You might as well ask me to stop breathing as ask me to stop reading. Sure, I can hold my breath for a little while. I can give up reading for about as long.
Immediately after eye surgery, it was moot: I couldn't focus well enough to do much reading. Shouldn't read, can't read, vision not really good enough for television -- what to do?
Radio, of course. The present-day offerings of music, talk-show irritainment* and sports; there's just not much there that appeals to me. NPR has some good interview shows, their short top-of-hour newscasts are first-rate† and This American Life is a delight. But it's not like a book. You have to be there for it (mostly -- This American Life is extensively archived online). I read fiction for entertainment.
Recently, I've been reading Michael Connelly's "Harry Bosch" series and watching the TV adaptation. The books are award-winning and Connelly's plots are first-rate. I think the remixing and reduction/combining in the cast of characters done in adapting the series for television has improved it. Being able to look back over nearly twenty books and reknit the long arc is a second chance few writers receive, and the writer's room for the series treats the source material with respect.
The "Bosch" books and TV series are both the kind of crime fiction known as a "police procedural," following a case through the workings of law enforcement. One of the oldest examples is Jack Webb's Dragnet. Most people remember it from the TV series (if they remember it at all) but it began as a radio series, with slightly more relaxed acting style and the same stories-from-real-cases approach -- and the radio version of Dragnet is available online! The thirty-minute episodes are essentially novelettes and Webb's docudrama approach to storytelling holds up well even now. And if I fall asleep listening, I don't nap though an entire audiobook and have to scrub back frantically to figure out where I left off -- a self-contained half-hour story with a break in the middle is pretty easy to pick up on and start over.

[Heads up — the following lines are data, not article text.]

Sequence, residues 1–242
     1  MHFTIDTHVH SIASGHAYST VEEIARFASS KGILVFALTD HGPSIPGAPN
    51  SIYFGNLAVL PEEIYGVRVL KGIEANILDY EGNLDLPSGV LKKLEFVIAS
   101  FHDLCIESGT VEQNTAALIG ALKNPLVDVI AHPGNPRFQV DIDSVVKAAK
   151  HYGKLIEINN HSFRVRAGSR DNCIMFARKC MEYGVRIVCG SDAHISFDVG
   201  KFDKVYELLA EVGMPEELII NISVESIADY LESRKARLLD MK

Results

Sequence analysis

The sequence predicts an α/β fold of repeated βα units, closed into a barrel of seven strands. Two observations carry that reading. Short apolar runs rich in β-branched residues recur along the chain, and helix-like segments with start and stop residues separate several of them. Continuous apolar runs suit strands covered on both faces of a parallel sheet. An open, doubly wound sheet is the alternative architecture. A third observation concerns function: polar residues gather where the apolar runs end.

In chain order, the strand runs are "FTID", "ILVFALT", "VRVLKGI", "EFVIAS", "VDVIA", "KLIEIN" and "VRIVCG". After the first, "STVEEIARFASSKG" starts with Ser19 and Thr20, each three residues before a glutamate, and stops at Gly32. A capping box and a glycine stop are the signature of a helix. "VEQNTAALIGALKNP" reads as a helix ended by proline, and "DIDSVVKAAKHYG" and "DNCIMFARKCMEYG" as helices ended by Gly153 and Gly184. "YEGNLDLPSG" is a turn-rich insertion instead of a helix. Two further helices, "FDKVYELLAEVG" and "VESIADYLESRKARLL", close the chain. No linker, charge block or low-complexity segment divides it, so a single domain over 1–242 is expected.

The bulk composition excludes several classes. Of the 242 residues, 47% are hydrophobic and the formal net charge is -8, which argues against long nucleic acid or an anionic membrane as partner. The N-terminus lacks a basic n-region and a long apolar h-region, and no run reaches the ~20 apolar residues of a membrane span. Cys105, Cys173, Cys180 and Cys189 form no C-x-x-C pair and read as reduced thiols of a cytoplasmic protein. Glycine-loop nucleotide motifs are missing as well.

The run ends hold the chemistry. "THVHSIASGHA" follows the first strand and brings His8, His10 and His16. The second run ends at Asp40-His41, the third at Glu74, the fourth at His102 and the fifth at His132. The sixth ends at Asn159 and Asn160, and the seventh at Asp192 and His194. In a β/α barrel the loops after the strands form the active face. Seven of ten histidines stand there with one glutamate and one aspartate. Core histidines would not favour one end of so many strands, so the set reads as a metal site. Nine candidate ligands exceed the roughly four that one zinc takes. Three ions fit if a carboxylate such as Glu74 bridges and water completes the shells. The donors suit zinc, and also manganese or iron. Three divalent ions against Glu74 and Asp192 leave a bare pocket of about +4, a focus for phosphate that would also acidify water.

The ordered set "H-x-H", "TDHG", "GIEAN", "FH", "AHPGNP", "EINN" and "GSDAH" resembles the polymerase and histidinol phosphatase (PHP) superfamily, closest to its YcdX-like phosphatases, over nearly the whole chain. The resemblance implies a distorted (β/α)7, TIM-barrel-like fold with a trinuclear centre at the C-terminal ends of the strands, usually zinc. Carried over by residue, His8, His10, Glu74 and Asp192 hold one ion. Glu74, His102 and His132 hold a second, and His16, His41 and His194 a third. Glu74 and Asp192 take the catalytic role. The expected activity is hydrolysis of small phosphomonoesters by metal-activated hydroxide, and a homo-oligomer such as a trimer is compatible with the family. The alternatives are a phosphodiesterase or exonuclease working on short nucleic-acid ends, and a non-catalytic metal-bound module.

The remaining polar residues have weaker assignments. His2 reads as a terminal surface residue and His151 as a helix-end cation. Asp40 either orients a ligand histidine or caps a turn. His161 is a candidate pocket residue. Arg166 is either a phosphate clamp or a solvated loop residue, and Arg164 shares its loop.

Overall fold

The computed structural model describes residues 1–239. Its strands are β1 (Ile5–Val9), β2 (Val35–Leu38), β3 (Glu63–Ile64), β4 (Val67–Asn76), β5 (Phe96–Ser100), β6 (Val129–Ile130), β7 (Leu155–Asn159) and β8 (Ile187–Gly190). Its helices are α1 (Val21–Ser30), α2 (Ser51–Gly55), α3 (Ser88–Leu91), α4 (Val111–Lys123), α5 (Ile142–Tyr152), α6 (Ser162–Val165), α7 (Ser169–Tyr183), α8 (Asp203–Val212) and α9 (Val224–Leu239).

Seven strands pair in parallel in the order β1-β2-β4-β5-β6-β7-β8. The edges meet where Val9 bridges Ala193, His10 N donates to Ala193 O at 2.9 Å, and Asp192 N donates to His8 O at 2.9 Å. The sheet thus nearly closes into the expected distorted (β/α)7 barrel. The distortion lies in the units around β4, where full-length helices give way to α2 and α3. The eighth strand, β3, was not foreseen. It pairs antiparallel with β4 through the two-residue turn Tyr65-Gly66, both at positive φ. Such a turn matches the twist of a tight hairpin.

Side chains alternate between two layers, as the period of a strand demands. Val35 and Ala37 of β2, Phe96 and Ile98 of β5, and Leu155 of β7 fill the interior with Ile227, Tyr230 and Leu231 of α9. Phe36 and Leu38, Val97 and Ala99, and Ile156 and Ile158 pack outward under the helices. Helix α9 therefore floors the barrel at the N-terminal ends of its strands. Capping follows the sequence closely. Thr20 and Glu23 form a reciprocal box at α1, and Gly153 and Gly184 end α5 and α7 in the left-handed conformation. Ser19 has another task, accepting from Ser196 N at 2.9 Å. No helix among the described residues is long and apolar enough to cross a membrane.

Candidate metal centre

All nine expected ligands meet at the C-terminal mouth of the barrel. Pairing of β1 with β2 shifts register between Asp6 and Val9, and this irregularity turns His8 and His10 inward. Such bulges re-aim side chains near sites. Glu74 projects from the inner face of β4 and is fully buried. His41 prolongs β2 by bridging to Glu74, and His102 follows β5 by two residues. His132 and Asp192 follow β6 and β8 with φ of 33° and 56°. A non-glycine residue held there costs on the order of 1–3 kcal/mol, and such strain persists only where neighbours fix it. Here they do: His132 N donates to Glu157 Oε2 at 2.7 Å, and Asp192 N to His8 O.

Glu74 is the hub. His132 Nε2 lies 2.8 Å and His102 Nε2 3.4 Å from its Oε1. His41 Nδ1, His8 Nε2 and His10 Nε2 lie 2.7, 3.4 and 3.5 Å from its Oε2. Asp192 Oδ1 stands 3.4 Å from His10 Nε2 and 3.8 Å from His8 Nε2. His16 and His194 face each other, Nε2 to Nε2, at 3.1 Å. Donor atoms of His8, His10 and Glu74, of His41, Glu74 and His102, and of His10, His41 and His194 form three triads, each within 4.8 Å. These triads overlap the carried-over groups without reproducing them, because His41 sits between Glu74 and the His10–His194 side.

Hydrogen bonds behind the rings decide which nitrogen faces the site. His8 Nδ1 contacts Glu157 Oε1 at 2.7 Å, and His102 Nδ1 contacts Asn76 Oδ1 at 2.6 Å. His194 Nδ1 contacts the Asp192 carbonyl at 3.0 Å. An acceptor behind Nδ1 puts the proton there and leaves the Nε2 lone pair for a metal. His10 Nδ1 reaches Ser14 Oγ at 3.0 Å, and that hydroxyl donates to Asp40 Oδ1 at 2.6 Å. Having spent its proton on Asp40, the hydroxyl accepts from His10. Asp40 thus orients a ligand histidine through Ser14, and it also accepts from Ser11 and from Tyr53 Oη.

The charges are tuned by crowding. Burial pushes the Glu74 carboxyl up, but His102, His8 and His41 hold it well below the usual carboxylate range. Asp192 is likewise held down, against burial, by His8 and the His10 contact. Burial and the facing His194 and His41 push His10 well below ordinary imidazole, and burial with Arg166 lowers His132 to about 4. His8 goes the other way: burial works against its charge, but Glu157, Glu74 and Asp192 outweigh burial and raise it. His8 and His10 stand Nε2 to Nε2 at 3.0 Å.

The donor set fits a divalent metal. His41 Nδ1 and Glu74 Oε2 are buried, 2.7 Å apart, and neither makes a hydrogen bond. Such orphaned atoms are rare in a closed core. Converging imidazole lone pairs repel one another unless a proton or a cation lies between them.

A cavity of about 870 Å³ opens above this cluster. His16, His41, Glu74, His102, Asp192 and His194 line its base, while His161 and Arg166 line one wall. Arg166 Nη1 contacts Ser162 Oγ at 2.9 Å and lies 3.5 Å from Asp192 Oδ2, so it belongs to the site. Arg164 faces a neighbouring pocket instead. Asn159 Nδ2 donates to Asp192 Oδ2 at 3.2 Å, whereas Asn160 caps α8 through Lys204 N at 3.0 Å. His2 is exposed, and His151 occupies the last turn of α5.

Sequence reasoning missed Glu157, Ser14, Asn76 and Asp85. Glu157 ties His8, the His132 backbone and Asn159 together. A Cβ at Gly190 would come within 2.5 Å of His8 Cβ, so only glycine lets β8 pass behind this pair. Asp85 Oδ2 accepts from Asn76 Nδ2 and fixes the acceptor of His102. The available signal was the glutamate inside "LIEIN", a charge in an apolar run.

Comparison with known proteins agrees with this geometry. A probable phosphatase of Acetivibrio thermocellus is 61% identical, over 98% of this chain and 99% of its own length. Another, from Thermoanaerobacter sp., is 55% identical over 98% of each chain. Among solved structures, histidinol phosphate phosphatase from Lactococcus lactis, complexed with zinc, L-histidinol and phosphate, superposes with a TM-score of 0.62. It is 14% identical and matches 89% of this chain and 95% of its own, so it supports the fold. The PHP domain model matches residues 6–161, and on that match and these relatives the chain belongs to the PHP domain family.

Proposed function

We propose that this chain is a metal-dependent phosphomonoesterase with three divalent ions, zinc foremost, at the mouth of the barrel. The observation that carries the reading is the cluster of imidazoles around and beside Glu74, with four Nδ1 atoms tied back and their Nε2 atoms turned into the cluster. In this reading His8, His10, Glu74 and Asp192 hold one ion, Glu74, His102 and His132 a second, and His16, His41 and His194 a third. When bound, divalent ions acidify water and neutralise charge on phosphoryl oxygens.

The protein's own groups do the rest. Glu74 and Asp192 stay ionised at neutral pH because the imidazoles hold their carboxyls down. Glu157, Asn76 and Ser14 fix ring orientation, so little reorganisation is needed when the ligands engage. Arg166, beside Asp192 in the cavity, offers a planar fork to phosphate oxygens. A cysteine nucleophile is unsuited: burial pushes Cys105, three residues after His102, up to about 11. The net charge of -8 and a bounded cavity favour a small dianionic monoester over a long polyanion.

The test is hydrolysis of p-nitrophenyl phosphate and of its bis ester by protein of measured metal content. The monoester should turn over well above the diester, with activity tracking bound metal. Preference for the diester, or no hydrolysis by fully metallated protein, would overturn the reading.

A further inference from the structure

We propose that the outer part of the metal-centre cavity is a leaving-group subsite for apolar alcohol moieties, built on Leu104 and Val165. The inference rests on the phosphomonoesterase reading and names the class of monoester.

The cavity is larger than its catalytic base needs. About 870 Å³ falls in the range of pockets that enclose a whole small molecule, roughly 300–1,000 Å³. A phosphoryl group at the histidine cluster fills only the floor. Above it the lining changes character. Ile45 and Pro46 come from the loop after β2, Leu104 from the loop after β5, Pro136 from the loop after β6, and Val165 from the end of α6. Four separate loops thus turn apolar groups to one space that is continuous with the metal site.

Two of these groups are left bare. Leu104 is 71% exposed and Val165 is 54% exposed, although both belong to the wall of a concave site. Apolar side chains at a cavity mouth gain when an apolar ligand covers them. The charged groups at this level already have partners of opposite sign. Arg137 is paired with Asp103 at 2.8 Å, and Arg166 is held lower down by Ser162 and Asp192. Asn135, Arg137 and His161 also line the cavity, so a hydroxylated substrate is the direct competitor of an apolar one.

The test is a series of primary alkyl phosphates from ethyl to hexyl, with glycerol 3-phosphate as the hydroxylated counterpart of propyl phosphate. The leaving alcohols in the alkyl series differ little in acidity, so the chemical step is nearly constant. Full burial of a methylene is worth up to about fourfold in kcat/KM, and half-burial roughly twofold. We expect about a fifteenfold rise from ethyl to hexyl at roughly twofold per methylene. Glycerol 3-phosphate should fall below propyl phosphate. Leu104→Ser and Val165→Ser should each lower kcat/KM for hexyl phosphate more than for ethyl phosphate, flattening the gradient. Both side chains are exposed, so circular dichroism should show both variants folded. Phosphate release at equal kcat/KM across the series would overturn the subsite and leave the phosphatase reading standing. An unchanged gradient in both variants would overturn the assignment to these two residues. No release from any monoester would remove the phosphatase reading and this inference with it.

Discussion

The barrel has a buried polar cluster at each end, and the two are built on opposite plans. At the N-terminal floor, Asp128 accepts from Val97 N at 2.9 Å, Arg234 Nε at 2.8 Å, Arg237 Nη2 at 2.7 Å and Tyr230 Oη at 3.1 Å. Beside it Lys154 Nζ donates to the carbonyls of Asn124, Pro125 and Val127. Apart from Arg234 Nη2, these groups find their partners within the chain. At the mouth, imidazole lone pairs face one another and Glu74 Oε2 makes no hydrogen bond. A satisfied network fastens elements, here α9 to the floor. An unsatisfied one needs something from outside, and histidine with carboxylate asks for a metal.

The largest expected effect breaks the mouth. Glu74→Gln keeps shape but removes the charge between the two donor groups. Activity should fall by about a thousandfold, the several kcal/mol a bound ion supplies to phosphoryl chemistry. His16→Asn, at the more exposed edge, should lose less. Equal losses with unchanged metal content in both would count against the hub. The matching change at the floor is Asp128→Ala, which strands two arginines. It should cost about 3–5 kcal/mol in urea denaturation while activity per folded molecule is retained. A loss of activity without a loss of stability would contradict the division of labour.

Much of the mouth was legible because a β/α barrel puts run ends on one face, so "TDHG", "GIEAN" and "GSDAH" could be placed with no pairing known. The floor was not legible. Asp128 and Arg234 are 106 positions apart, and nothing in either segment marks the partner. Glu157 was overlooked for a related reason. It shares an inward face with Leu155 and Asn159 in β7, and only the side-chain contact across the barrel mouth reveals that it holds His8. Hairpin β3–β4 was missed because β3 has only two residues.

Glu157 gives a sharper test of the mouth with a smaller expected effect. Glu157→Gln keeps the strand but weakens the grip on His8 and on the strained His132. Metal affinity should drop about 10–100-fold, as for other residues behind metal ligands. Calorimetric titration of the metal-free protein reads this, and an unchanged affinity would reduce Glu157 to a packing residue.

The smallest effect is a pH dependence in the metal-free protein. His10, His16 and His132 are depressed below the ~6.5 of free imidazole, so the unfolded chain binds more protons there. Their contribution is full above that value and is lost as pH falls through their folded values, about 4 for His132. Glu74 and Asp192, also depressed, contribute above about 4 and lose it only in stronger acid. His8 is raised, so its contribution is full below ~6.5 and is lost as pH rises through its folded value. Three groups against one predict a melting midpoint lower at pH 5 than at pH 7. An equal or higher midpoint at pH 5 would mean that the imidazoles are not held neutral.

The same site has plenty of other classic radio shows, too.
My eyes continue to heal and I am trying to readjust to not being severely nearsighted. I can use the computer without eyeglasses now, though it feels strange to do so. I have to sleep with taped-on eye shields (you dare not rub your eyes) and I'm supposed to wear my old eyeglasses‡ or a pair of disposable safety glasses (pretty ripply; I need to find my good safety glasses) during the day.
* Tamara's coinage for the widely popular kind of political commentary that leaves listeners annoyed if not outright enraged. It's not to my taste.
† Yes, yes, readers will tell me it's all slanted. Certainly NPR are great fans of government-as-helper, but you know that going in and it mostly affects what they cover and not how they cover it. When it comes to reporting the meat and potatoes of news -- wars, natural disasters, the fussings of legislatures and heads of state, they do fine.
‡ It turns out that layering a pair of +1.25 cheaters over my old glasses comes very close to giving me normal vision. That should tide me over until I can have temporary eyeglasses made Monday. A full eye exam and new glasses are several weeks away.
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